China announced Friday it had imposed sanctions on former Commerce Secretary Wilbur Ross and six other individuals and entities in retaliation for U.S. penalties against Chinese officials in Hong Kong.
The "reciprocal" sanctions are in response to a business advisory issued by the State Department last week warning U.S. companies of "emerging risks" in conducting business in Hong Kong.
The Chinese foreign ministry accused the U.S. of attempting to "groundlessly smear" Hong Kong business.
"These acts gravely violate international law and basic norms governing international relations, and severely interfere in China's internal affairs," the ministry said in a statement Friday. "China firmly opposes and strongly condemns this."
The sanctions were imposed under China’s new Anti-Foreign Sanctions Law that was passed last month and target Ross, who served in the Trump administration, along with the chair of the U.S.-China Economic Security Review Commission Carolyn Bartholomew, former staff director of the Congressional-Executive Commission on China Jonathan Stivers, and Sophie Richardson, director of Human Rights Watch’s China.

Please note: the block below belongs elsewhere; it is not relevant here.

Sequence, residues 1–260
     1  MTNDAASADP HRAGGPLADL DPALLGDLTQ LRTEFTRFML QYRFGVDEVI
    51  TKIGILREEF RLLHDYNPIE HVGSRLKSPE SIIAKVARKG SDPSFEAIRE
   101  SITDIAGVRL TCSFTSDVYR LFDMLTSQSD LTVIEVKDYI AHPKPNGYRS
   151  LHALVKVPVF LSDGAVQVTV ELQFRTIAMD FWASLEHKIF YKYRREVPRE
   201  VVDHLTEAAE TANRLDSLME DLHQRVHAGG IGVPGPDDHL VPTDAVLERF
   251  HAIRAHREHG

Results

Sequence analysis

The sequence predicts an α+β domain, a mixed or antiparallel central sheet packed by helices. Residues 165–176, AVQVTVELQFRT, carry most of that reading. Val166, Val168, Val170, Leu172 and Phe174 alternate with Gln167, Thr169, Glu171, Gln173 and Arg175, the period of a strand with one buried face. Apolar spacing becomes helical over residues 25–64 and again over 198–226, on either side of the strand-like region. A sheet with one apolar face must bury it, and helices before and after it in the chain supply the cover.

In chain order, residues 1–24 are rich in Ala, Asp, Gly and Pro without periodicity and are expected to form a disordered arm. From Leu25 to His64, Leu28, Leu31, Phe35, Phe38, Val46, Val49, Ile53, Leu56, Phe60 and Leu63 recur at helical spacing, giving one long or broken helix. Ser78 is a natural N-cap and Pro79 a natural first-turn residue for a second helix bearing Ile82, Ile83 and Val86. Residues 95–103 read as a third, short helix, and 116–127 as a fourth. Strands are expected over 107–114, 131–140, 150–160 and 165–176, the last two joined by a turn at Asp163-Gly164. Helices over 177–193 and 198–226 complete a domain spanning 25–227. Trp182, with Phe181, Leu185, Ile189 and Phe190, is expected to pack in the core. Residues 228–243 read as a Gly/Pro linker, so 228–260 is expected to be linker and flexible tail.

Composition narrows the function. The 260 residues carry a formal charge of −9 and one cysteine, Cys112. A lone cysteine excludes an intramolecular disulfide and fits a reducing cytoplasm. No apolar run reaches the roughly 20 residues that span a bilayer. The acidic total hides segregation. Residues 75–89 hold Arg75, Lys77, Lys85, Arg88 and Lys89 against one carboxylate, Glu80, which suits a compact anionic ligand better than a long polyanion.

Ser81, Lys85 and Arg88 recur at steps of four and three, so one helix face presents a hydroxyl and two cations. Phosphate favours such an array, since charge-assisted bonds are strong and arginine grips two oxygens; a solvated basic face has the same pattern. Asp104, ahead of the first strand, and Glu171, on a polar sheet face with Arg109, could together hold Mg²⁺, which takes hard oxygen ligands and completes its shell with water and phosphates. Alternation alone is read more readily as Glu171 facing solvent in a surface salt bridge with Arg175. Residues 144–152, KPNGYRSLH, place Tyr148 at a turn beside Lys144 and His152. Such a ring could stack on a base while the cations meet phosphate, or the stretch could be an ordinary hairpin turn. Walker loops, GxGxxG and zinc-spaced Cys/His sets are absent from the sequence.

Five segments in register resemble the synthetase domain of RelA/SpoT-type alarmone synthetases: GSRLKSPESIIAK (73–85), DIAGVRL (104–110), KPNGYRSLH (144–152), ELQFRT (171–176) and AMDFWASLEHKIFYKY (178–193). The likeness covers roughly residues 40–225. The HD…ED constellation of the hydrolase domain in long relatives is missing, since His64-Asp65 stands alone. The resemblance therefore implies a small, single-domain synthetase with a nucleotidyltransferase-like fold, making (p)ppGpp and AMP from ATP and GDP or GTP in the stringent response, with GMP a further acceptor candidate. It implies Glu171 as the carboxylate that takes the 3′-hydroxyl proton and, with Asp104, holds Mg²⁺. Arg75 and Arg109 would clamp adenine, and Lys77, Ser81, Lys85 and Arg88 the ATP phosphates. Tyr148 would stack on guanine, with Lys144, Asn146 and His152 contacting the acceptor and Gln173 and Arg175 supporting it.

Top officials from the National Democratic Institute for International Affairs and the International Republican Institute were also named.
Sanctions were further imposed on the Hong Kong Democratic Council, though the Chinese foreign ministry did not go into detail as to how the sanctions will be enacted.
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The announcement comes just days before Deputy Secretary of State Wendy Sherman is set to visit China amid strained U.S.-China relations.
The White House told reporters Friday it is "undeterred" by China’s latest move.
"These actions are the latest examples of how Beijing punishes private citizens, companies, and civil society organizations as a way to send political signals," press secretary Jen Psaki said.
Psaki condemned the sanctions as an effort to "target those who defend universal human rights and fundamental freedoms."